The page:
Commemorating Jefferson Davis’s Inauguration, 150 Years Later

Here’s an extended video covering the events in Montgomery, Alabama, yesterday, commemorating the 150th anniversary of the inauguration of Jefferson Davis as provisional president of the Confederacy.  I am a little disappointed, however … a video on Kevin Levin’s Civil War Memory included a Harry Potter reference.  Go to the ten second mark (most of the rest of this speech is captured on the first video, as are other addresses and a different perspective on those in attendance).

As one report put it,

[Kelly] Barrow also referenced fictional character Harry Potter in his speech, using him to address the struggle of good versus evil. He went on to mention Rosa Parks, stating while she moved from the back of the bus to the front, the “people of the Confederacy have been forced to the back of the bus.”

Someone needs to remind Mr. Barrow that there are no “people of the Confederacy” around.  The last ones would have been entitled to sit in the seats reserved for senior citizens.

If you’re wondering where you might have heard of Mr. Barrow before, here’s a hint: he’s fond of fiction.

I’m waiting for even more linkages between contemporary popular culture in America and the people and events of 150 years ago.  First there was Abraham Lincoln, Vampire Hunter; now it’s Harry Potter and the War for Confederate Independence; perhaps next it will be “The Office” refashioned as Team of Rivals, or “Kim, Khloe, and Mary Lincoln Take New York,” a show about celebrities and shopping.  Branding and marketing prevail again.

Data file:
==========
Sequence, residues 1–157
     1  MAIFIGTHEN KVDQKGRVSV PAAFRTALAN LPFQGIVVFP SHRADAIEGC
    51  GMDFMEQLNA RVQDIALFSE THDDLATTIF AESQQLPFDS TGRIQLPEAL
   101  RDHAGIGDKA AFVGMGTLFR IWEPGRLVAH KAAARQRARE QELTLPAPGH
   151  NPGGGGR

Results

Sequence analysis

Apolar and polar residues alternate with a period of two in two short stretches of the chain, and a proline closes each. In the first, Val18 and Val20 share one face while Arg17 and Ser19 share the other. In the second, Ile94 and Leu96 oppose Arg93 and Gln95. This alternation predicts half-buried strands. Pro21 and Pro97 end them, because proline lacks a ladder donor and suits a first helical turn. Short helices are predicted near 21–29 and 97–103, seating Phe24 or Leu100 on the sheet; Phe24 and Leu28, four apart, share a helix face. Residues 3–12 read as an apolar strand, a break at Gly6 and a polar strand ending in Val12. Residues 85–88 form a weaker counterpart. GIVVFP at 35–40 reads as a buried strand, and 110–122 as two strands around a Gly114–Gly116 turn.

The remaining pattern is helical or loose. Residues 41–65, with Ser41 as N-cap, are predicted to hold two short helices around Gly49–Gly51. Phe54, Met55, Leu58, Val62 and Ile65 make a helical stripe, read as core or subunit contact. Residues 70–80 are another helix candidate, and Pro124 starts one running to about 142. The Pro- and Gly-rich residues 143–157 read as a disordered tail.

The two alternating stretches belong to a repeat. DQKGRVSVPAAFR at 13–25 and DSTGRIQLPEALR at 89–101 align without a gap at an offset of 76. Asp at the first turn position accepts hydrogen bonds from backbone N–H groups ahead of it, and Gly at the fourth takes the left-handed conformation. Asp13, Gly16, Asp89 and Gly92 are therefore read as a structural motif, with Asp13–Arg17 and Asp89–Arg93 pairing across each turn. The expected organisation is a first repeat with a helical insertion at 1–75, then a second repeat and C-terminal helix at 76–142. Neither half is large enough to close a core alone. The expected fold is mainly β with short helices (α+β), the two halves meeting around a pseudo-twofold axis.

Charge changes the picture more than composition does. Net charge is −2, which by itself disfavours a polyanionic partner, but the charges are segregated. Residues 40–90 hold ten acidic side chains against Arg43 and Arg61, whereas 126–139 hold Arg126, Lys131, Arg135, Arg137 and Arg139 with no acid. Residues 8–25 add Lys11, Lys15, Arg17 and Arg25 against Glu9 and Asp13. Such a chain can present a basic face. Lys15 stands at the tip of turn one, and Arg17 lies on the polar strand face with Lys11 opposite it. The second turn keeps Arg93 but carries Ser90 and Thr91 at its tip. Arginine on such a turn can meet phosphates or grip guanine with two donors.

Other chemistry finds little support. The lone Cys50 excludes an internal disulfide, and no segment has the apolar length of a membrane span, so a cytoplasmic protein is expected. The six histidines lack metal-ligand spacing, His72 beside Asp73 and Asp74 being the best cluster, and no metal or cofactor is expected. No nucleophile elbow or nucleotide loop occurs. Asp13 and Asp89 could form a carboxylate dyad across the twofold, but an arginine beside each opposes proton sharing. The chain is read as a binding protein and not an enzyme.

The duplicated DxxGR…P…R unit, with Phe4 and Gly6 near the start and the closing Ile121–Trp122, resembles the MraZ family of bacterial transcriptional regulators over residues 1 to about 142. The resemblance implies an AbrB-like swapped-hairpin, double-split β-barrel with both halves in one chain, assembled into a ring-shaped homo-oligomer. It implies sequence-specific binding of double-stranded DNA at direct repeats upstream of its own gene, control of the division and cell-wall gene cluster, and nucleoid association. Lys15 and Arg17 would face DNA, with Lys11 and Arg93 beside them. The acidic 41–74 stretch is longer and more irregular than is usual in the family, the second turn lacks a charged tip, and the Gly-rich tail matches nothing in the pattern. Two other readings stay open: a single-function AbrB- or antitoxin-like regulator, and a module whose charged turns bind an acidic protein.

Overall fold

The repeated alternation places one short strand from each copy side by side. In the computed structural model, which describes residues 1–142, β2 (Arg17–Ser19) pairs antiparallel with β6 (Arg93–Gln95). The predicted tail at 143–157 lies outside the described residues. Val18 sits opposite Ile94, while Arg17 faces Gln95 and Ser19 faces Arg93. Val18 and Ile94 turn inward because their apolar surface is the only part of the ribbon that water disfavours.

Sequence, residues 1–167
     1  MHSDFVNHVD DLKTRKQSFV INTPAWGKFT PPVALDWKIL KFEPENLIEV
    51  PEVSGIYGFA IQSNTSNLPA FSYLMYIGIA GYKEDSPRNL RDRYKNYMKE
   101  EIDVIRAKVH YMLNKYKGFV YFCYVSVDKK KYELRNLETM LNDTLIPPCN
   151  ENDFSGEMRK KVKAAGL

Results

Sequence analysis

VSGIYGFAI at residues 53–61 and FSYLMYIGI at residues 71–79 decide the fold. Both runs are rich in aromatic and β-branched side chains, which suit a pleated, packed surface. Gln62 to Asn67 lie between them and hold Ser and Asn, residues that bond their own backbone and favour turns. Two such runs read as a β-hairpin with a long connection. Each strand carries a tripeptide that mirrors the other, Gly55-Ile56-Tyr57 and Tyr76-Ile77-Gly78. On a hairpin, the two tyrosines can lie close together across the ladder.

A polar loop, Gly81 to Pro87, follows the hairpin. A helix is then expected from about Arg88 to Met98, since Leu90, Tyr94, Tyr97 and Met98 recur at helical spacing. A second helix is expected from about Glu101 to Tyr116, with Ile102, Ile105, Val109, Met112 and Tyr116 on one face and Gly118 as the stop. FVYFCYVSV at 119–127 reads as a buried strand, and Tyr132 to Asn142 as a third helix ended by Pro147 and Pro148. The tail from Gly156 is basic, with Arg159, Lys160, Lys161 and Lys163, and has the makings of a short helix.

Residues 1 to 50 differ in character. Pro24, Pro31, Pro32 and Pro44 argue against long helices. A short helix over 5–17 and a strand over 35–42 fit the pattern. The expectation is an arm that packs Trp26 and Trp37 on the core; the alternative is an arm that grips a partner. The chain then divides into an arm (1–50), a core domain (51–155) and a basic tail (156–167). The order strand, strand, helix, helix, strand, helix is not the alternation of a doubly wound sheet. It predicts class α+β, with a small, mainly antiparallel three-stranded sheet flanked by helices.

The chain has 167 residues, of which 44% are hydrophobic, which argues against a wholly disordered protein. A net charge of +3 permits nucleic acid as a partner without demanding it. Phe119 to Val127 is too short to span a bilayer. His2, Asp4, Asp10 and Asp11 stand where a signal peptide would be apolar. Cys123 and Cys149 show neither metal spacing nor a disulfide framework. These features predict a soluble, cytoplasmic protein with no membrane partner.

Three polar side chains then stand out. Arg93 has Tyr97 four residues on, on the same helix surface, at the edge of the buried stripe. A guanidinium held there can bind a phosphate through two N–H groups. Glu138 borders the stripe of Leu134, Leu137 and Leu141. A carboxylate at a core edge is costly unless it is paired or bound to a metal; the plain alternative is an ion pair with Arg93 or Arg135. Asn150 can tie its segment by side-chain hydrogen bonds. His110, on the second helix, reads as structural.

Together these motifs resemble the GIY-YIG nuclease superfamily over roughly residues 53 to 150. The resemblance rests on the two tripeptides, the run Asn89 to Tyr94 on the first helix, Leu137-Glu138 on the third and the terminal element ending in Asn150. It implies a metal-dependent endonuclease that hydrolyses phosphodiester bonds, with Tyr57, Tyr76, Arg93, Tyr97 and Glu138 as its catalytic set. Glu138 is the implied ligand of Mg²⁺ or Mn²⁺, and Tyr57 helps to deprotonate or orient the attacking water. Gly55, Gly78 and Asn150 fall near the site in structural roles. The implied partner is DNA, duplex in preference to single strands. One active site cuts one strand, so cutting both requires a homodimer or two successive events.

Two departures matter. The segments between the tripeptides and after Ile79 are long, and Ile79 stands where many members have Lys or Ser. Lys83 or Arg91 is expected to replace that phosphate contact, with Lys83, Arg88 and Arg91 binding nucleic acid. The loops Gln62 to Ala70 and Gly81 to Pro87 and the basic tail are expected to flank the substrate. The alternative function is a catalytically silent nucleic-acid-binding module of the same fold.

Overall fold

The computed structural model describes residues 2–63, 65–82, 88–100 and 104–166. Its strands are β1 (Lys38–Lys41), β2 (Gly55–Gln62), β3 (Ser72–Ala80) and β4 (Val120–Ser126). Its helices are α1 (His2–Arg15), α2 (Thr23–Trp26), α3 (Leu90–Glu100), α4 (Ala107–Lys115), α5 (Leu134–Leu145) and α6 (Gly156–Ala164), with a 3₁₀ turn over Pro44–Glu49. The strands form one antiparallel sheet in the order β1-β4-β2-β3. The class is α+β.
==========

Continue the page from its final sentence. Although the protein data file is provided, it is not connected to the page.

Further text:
As for your reaction to the videos, the comments section is open.

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3 thoughts on “Commemorating Jefferson Davis’s Inauguration, 150 Years Later

  1. I attended this event. I wonder if they realized how the war they love so much would have on the, say, 200 re-enactors in military uniform. Forty of them would die,. Of the remaining 160, sixty would be wounded. The survivors would endure penury in a land ravaged by war. How anyone can see glory in that situation is beyond me! The Civil War was the great American tragedy, not its epic.

  2. He went on to mention Rosa Parks, stating while she moved from the back of the bus to the front, the ‘people of the Confederacy have been forced to the back of the bus.’”

    So on the one hand, Mr. Barrow promulgates the historical lie that tens of thousands of African-Americans fought side-by-side with white soldiers for the confederacy, and yet on the other hand he admits in the above quote that African-Americans were not part of “the people of the Confederacy.”

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